In terms of extant law, you’ve got that one backward, boss. SCOTUS held that Santeria practitioners can engage in private animal sacrifice in the case Church of the Lukumi Babalu Aye v. City of Hialeah (1993). But in the earlier case Employment Division v. Smith (1990), the Court held that Native Americans could be fired from their jobs and denied unemployment benefits for using peyote as part of their private religious practice.

    First Amendment Free Exercise Clause jurisprudence is a mess.

    Nevertheless, look for the current Court to expand Free Exercise Clause rights at the expense of the First Amendment’s Establishment Clause.

    1. “… at the expense of the First Amendment’s Establishment Clause.”

      For religions as we know them.

  12. I see a very problematic overlap between laws against the cruel treatment of animals and laws supporting the right to sacrifice them for religious purposes. Can the city demand pain-free sacrifices? I doubt it. What keeps some creep from staging a cock fight and claiming it is being done to make his God smile upon us all? Religion presents an infinite number of “slippery slopes.” That’s largely why many people adhere to a religion. You are right, no matter what.

    1. As of 2023, cockfighting is illegal in all 50 U.S. states, the District of Columbia, and all U.S. territories. More to the point, most animal cruelty is banned, though, yes, not all. After all, we eat them after they’ve been cooped up for years, fattened and hormone fed for our benefit.

      Irrational ideologies present a slippery slope, an ideology does not have to be an institutionalized religion and does not necessarily involved “god”.

      There are also many many humans who practice a religion who are kind, thoughtful and reasonable. That has been my experience and I am not religious.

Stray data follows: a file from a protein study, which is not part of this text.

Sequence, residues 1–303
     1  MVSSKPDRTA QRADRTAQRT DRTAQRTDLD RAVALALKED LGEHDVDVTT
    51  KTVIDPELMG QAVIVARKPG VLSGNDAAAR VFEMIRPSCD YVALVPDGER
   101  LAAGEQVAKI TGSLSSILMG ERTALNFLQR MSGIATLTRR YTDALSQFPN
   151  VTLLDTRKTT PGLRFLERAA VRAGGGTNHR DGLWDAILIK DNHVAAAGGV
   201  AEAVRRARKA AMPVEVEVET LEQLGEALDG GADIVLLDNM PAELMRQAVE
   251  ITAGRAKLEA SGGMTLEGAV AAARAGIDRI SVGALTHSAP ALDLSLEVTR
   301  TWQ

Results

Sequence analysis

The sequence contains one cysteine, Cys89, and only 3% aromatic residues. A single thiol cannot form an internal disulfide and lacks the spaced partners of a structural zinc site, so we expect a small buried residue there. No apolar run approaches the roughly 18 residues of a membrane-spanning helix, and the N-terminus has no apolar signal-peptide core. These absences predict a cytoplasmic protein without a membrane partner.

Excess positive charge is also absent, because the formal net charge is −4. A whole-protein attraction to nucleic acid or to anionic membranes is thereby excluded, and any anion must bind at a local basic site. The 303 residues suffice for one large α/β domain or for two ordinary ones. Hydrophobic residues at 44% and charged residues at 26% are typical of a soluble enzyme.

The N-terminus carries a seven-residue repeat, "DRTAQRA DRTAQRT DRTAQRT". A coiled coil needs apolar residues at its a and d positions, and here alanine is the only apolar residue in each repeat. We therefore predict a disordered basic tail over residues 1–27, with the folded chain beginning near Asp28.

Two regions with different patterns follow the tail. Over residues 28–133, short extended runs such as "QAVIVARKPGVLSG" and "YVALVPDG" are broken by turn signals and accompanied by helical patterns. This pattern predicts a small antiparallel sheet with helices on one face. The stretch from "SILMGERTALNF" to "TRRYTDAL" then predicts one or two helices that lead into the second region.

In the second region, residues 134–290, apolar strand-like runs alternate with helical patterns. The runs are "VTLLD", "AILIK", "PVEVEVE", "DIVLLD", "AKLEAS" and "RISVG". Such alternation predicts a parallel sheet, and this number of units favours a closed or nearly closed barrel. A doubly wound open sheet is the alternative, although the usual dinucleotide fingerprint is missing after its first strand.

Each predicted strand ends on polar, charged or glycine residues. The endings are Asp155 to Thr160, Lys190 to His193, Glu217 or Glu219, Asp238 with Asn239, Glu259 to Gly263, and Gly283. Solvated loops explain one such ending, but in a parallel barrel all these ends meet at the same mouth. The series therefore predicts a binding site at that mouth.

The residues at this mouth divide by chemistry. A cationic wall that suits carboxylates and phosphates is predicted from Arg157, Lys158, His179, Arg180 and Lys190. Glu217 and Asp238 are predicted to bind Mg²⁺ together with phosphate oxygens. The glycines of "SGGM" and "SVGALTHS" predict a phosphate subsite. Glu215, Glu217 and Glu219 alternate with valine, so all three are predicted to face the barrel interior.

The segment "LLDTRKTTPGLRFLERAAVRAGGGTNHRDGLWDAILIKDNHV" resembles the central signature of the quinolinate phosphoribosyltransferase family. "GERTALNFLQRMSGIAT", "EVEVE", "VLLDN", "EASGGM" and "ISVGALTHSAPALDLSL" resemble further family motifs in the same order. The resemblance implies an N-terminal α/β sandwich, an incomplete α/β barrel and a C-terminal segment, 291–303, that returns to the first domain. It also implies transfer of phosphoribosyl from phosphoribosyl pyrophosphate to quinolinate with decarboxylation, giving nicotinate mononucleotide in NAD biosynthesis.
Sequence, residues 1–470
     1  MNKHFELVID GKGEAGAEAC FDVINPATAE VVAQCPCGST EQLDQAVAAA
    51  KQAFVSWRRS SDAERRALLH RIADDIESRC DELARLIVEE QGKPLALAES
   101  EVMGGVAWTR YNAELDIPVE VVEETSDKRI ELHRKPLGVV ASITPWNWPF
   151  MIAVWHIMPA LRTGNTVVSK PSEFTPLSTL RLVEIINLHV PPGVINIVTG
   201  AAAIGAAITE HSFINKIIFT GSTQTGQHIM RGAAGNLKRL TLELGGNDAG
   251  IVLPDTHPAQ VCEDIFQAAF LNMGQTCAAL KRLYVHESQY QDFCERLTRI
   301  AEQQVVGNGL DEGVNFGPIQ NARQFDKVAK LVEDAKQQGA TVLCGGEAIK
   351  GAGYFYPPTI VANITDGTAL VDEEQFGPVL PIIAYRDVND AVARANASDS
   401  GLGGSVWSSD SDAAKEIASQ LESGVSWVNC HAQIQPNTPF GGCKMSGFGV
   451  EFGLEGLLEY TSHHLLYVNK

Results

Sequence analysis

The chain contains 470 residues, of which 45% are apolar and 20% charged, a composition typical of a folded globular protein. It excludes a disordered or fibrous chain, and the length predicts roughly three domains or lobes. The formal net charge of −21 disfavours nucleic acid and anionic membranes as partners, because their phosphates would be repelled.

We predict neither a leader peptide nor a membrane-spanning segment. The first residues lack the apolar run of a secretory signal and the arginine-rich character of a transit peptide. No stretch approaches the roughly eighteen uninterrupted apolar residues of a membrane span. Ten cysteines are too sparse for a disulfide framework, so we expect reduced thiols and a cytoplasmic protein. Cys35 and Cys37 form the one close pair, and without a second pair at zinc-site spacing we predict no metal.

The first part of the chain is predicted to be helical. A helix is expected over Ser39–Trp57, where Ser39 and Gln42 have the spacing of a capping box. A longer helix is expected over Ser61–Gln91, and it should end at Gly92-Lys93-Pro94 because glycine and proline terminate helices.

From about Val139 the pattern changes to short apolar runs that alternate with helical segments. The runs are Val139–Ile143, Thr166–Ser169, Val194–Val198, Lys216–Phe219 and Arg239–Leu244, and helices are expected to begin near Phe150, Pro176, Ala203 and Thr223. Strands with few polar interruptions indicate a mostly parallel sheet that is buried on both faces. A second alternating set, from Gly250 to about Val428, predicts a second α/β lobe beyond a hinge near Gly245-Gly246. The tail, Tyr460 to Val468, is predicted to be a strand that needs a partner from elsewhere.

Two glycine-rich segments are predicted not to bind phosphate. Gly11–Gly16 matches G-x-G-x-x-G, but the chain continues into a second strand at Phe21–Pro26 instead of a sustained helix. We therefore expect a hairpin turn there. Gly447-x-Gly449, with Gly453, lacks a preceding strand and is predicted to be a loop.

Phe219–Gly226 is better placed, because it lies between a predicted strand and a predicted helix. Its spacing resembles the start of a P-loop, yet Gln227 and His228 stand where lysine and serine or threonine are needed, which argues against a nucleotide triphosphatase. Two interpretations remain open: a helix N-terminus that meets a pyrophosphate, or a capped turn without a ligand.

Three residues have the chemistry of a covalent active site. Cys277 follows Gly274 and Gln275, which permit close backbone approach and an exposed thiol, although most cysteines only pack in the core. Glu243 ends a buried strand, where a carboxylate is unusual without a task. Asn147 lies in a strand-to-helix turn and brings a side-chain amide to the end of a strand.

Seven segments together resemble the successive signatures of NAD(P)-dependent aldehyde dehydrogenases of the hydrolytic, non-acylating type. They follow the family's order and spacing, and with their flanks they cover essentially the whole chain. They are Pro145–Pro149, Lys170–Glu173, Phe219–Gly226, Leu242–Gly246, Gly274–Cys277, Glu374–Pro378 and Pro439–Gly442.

1. Re cock fighting: Hal Herzog makes a strong case for cock fights being way less cruel than the way we treat the chickens we eat, in his “Some We Love, Some We Hate, Some We Eat”. A book about the close to schizophrenic relations we humans have with animals.

      2. I agree with everything you wrote. I am a lifelong atheist and I know and appreciate many many kind and thoughtful believers. They aren’t the problem.
        Cockfighting was just the first thing that came to my mind as an example of obvious cruelty. Strike that and insert an example of cruelty that isn’t specifically proscribed by law.

    2. When it comes to deciding the validity of rights claimed under the Free Exercise Clause of the First Amendment, court will not examine the truth or falsity of the claimed religious belief. (Hell, if they did, they’d have to find them all false.) But the court’s will examine evidence regarding the sincerity with which religious beliefs are asserted (considering things like the history of the claimants’ past religious practices).